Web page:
Week 3
Plot: Finding a major dramatic question. Shaping a beginning, middle, and end. The difference between short story and novel plots. Pros and cons of outlining. 

Week 4
Point of View: POV defined. Exploration of the many types of POV. 

Week 5
Description: Using the senses. Specificity. Techniques for creativity. Finding the right words. Merging description with point of view. 

Week 6
Dialogue: The importance of scene. Dialogue's illusion of reality. Quotation marks and tags. Stage directions. Summarized dialogue. Characterization through dialogue. Subtext. Dialect. 

Week 7
Setting/Pacing: Time. Place. Weather. Description of setting. Merging character and setting. How to manipulate time through pacing. Flashbacks. 

Week 8
Voice: Voice defined. Exploration of the various types of voice. Tips for finding your voice. Understanding style—syntax, diction, and paragraph length.

Week 9
Theme/Revision: Theme defined. Types of theme. Weaving theme into a story. Exploration of the various stages of revision. 

Week 10
The Business: Proper format for manuscripts. How to target publishing houses, literary magazines, and agents. Query letters.

Note: Content may vary among individual classes.

Teachers

Angela Lam
Angela Lam

Angela Lam is the author of the memoir Red Eggs and Good Luck (She Writes Press), the novels Friends First, The Divorce Planner, and the Women of the Crush series (all The Wild Rose Press), and Blood Moon Rising (Eternal Press), and the short story collection The Human Act and Other Stories (All Things That Matter Press). Her nonfiction has appeared in The Sun, the San Jose Mercury News, SFGate, the Portland Book Review, and the Bohemian. She holds a BA from Sonoma State University.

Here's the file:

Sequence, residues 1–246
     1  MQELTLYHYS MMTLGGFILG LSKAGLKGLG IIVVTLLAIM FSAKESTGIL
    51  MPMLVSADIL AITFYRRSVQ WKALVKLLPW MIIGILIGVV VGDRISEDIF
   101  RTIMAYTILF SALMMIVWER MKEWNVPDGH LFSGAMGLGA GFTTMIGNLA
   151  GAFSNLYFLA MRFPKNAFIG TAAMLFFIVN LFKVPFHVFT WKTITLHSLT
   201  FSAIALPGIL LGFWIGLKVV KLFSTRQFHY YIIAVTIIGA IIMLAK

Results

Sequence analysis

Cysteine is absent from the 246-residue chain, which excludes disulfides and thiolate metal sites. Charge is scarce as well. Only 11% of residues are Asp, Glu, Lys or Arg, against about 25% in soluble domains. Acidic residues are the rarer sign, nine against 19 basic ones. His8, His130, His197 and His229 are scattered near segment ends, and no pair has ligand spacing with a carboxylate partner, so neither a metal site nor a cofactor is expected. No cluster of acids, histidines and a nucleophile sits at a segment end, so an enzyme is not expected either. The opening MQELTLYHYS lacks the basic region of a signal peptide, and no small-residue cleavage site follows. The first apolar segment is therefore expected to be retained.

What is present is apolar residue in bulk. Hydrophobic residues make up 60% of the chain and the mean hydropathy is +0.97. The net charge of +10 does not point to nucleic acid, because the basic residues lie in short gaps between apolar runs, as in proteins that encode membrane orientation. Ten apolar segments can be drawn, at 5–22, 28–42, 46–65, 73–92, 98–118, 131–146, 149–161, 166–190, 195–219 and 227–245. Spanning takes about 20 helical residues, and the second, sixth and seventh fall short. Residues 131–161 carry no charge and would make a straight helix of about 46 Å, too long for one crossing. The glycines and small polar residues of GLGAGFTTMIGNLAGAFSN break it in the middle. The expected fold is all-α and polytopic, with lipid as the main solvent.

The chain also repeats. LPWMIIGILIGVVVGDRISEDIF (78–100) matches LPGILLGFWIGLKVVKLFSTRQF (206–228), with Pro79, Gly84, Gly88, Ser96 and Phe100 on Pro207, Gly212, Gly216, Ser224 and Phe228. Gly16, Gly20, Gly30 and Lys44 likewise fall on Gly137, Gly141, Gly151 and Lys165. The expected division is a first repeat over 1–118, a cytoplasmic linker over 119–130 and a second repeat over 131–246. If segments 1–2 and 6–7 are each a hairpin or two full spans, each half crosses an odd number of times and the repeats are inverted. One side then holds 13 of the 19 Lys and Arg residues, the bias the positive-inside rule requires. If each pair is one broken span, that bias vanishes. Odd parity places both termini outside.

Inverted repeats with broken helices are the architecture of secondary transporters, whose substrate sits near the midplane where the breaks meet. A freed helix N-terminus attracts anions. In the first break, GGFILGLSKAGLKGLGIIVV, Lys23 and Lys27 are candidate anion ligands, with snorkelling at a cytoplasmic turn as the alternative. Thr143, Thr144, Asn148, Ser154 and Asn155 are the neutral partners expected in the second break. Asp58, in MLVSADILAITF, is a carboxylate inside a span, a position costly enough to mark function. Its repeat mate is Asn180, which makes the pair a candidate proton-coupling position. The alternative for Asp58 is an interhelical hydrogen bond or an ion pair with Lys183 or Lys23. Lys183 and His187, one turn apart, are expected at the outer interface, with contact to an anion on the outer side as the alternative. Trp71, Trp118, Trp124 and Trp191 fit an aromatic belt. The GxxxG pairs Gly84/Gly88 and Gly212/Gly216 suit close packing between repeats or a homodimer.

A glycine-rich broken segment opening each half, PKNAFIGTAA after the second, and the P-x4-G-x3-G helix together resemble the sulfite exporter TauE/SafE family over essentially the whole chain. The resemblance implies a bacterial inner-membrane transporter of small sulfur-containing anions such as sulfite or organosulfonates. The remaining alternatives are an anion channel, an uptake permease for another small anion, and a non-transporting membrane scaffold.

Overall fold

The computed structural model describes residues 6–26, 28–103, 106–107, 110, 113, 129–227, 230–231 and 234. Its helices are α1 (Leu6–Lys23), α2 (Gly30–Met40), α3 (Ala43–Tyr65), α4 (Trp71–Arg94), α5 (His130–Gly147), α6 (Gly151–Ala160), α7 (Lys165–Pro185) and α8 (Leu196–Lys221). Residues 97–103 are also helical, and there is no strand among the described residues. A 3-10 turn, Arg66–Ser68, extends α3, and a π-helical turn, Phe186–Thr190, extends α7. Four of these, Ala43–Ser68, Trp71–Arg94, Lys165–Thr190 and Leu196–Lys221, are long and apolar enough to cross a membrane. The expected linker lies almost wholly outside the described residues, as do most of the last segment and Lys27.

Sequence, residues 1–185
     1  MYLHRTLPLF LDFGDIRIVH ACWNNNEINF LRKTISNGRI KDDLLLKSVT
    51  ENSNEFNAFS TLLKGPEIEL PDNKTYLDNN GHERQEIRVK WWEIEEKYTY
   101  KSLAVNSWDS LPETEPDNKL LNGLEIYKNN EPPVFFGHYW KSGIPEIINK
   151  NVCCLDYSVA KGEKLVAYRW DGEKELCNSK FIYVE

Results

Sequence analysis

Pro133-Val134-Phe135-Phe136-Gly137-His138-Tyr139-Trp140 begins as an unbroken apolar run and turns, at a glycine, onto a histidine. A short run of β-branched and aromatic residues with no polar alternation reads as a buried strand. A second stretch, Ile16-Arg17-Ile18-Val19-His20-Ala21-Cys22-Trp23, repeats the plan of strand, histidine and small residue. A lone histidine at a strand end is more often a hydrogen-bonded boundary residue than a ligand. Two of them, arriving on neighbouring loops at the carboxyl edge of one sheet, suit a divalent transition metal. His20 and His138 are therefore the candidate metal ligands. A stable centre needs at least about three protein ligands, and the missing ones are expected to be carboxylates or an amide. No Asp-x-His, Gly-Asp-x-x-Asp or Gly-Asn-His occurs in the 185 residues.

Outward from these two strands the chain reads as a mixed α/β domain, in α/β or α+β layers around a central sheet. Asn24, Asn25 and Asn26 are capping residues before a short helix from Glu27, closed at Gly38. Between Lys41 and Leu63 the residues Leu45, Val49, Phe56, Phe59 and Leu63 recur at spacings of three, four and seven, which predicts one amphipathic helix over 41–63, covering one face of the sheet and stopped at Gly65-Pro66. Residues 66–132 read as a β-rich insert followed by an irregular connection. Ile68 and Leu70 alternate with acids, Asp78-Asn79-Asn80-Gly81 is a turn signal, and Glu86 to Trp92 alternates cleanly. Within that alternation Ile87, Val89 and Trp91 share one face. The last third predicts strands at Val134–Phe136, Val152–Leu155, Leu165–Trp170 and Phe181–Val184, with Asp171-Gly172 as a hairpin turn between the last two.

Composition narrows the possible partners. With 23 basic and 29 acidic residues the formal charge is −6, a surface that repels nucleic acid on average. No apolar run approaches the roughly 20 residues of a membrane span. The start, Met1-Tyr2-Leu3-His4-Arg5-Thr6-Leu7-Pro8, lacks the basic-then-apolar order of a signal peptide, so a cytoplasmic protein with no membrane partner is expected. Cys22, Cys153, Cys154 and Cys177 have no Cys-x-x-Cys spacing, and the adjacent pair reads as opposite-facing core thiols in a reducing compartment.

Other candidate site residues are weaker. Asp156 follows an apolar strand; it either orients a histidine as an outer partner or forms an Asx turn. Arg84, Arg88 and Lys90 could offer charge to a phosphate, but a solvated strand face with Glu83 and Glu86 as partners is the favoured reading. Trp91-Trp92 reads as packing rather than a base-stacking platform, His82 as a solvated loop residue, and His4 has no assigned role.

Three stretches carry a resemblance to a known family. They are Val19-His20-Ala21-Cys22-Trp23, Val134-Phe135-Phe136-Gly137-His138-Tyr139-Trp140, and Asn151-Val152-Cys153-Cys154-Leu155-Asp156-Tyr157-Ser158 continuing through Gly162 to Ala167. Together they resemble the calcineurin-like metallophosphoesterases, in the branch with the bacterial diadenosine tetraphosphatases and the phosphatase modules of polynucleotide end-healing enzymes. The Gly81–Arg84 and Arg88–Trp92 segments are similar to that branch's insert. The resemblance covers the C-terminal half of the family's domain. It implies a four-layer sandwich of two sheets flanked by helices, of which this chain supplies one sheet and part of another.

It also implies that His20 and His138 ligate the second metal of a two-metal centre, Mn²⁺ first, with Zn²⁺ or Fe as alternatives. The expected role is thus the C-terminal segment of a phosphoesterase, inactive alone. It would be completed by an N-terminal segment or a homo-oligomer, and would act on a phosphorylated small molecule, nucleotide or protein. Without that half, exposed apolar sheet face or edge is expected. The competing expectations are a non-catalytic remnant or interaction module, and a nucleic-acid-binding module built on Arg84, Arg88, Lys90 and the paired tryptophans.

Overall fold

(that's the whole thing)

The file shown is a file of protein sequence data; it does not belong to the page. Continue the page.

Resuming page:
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Arlaina Tibensky
Arlaina Tibensky

Arlaina Tibensky is the author of the novel And Then Things Fall Apart (Simon & Schuster). Her short stories and nonfiction have appeared in One Story, SmokeLong QuarterlyMcSweeney's, Madison ReviewThe Dinner Party DownloadNew Stories from the Midwest 2018 (New American Press), the New York Times, and elsewhere. She holds a BA from the University of Wisconsin-Madison, and an MFA in Fiction from Columbia University.

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Benjamin Obler
Benjamin Obler

Benjamin Obler is the author of the novel Javascotia (Penguin UK). His short stories and essays have appeared in The Guardian, London Times, Mirror, Electric Literature, Long Reads, Puerto Del Sol, The Junction, Belle Ombre, Qwerty, Sundress, Thirty-Two, Cottonwood, and Evansville Review. He has taught at the Loft Literary Center. He holds a BA from the University of St. Thomas and an MFA in Creative Writing from the University of Glasgow.

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David Berner
David Berner